By my reckoning, the trip should be some 26,000 metres to the south-east. Starting out on Saturday, 13 January, we would expect landfall by dusk on Sunday.*
* The reader even the least-bit acquainted with mathematics will realise that taking 36-odd hours to travel 26 kilometres means that we would travel at roughly one-tenth a metre per second, quite similar to the brisk pace of the three-toed sloth (Bradypus spp.). People: suspend disbelief!
The Open Sea.
Putting to sea from Tamrannoch, we found the water to be quite calm, dark blue, and apparently devoid of fish. Prof. Krogstad was unable to sound the bottom, making the depth at least 20 fathoms (the length of our sounding cable). We made good time, headed variously east and south-east. There were a number of islands, many appearing inhabitable, that flanked our course; these will need to wait until the greater economic potential of the mainland has been tapped.
Of interest to the Caledonian reader living in the eastern portions of Our Fair Isle, there is a large island due east of the Duchy of Primverness, with diverse and unique features. However, we weren't close enough to capture any images.
The day and night passed without difficulty. Fare on board our steamer was fortifying, if basic. None of us developed that scourge of the open seas, sea-sickness, and we spent our night below-decks playing bridge by lamp-light.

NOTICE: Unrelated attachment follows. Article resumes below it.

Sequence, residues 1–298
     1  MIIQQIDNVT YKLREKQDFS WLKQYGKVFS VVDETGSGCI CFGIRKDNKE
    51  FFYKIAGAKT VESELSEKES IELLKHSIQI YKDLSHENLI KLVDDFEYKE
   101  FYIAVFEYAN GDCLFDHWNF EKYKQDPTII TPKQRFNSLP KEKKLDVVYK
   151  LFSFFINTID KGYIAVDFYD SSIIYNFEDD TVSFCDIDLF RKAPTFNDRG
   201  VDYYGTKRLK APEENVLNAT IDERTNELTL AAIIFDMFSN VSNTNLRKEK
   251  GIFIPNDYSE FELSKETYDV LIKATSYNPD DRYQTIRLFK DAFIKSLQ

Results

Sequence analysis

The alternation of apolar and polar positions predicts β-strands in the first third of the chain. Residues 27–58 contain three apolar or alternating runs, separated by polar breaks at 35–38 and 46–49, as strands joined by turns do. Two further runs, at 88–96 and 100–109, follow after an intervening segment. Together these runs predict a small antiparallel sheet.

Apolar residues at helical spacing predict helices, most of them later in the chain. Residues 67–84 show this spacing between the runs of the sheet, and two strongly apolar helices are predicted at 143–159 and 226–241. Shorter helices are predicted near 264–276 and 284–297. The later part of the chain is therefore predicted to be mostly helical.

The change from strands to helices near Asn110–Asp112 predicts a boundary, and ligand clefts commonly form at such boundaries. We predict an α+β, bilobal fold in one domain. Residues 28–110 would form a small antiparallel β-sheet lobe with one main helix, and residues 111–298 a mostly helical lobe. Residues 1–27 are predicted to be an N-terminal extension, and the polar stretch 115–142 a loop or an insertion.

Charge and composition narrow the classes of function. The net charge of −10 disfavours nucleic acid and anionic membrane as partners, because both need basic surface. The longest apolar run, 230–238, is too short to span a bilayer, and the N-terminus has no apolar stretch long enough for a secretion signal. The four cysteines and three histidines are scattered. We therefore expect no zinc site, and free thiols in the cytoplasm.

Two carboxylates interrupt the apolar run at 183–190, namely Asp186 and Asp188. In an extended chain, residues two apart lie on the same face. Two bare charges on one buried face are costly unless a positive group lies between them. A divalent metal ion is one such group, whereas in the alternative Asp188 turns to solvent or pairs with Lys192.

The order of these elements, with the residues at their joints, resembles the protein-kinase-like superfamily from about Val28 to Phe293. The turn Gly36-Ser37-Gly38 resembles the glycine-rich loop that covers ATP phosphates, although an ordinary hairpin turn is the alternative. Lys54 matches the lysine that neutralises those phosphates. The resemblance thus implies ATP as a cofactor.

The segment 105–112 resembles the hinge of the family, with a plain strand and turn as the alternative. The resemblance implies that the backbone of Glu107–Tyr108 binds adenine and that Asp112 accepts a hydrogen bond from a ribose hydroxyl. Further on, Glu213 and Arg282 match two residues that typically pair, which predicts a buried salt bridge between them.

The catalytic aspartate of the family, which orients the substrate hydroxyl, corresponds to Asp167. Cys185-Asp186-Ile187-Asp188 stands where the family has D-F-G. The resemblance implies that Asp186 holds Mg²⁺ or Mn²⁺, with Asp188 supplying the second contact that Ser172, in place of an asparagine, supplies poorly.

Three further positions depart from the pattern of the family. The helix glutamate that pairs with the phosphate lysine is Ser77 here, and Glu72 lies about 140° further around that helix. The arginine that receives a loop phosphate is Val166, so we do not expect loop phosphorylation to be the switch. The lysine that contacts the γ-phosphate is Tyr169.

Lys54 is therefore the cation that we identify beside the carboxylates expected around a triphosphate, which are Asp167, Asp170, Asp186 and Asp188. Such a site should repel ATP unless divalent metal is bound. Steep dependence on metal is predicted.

Sunday dawned at sea, with increasing sights of clouds and haze to the east. We were still right on schedule, and as we plied eastward, we enjoyed tea and strolled about the less-soiled above-decks areas.
By late afternoon, we sighted land for the first time. An island, roughly a quarter of a kilometre east-to-west, and twice that in the opposite direction, appeared off our port bow. We passed within half a kilometre or so, enough for all three of us to survey the area with telescopes.
And what a sight! Like a vision from Dante's Hell, the island was strewn bric-a-brac with the most bizarre assortment of materials any of us had ever seen. We could make out some of the natives, in gross detail, who were evenly divided between building the unusual structures, and walking about, no doubt enjoying social intercourse.
The population density on this island was such that, being extremely outnumbered, we decided to continue on to the south-east, to a point of land just beyond.